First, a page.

It is now nearly one month since the horrific, cowardly murder of Russian patriot Anna Politkovskaya. The Associated Press reports that she is gone but not forgotten, and that there remain some true heros left in Russia, struggling to breathe in the gathering gloom:
Colleagues of Anna Politkovskaya, supported by the independent Russian Union of Journalists and hundreds of domestic and foreign media outlets, published a newspaper Thursday devoted to the slain journalist who focused on uncovering torture, abductions and other abuses against civilians in Chechnya. The 16-page tabloid included tributes to the journalist and rights activist, a sampling of her work, a list of 211 journalists killed in Russia between 1992 and the present, and her mother’s recollections. Raisa Mazepa recalled begging her daughter to be more cautious in her work. “I remember she told me then: ‘I understand, of course, that the Sword of Damocles is always hanging over me. I understand that, but I don’t want to give up,’” her mother was quoted as saying by Politkovskaya’s newspaper Novaya Gazeta. Thursday’s newspaper also contained a rebuke to President Vladimir Putin, who on the day of Politkovskaya’s funeral played down her influence on political life as “very minor.” It reprinted government instructions to act to correct the problems raised in her stories. The paper said close to 40 criminal investigations had been opened on the basis of Politkovskaya’s work. Politkovskaya was gunned down in the entrance to her apartment building Oct. 7. Thursday’s newspaper said investigators were concentrating on three main scenarios for the killing, but it did not elaborate. In an unpublished essay or speech found on Politkovskaya’s computer, she described how journalists were made “outcasts” in Russia — never invited to official events, forced to meet with officials only clandestinely. Most journalists here, she said, were putting on a “jesters’ show,” whose only task was to report positively on Putin. “What have I … done? I only wrote about what I witnessed, and nothing more,” Politkovskaya wrote in the piece, which was published in the special paper Thursday. “I purposely have not written about all the other ‘charms’ of the path I have chosen — the poisonings, the detentions, the threats in letters and on the Internet, the promises to kill … I think that is all trivial. “The main thing is to have the chance to do the main thing: describe life, receive in the editorial offices visitors who have nowhere else to go with their troubles.”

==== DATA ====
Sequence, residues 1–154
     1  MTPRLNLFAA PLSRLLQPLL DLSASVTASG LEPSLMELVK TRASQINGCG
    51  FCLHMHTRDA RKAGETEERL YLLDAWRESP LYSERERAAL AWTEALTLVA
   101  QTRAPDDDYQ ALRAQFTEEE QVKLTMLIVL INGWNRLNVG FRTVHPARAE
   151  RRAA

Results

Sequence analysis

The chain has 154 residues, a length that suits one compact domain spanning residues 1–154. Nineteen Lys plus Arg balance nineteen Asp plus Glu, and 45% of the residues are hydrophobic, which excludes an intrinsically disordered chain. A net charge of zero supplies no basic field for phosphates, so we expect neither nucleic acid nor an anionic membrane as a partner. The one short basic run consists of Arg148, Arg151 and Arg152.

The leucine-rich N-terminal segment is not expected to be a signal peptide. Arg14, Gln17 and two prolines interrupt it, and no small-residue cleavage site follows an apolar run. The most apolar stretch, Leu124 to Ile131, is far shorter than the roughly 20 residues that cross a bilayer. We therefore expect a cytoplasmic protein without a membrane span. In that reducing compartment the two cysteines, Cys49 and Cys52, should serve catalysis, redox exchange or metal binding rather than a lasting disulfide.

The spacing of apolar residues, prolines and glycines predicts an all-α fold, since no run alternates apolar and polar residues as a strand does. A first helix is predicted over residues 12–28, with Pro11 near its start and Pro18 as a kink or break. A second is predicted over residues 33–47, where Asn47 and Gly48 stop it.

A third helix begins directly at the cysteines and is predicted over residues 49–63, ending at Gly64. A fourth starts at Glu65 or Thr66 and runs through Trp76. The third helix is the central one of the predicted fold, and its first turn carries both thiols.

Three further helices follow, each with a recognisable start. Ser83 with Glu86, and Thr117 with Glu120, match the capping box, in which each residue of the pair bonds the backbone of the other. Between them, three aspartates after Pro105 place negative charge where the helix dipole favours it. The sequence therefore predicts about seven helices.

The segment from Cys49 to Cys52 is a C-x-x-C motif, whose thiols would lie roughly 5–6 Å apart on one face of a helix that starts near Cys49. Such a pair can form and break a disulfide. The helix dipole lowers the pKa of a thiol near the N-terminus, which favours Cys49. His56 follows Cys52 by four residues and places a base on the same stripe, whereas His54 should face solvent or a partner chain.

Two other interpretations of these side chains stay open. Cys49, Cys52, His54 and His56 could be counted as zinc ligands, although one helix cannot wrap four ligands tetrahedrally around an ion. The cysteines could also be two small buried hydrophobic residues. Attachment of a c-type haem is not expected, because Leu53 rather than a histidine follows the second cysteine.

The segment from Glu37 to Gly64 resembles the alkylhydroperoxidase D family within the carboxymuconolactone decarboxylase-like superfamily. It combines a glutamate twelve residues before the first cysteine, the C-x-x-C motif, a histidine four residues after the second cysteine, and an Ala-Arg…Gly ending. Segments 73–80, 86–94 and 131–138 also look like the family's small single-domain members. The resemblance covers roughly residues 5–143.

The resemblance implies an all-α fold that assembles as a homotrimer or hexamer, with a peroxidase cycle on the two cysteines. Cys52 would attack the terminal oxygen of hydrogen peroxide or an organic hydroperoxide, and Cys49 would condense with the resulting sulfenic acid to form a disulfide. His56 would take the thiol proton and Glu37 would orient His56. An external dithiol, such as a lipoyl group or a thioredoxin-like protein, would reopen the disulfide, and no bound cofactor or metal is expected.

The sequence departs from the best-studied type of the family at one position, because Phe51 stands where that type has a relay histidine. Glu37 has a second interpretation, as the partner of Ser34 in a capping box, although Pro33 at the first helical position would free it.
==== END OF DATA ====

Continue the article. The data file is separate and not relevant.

La Russophobe remembers Anna too:
actual rubble . . . or maybe just ashes blowing away into the wind.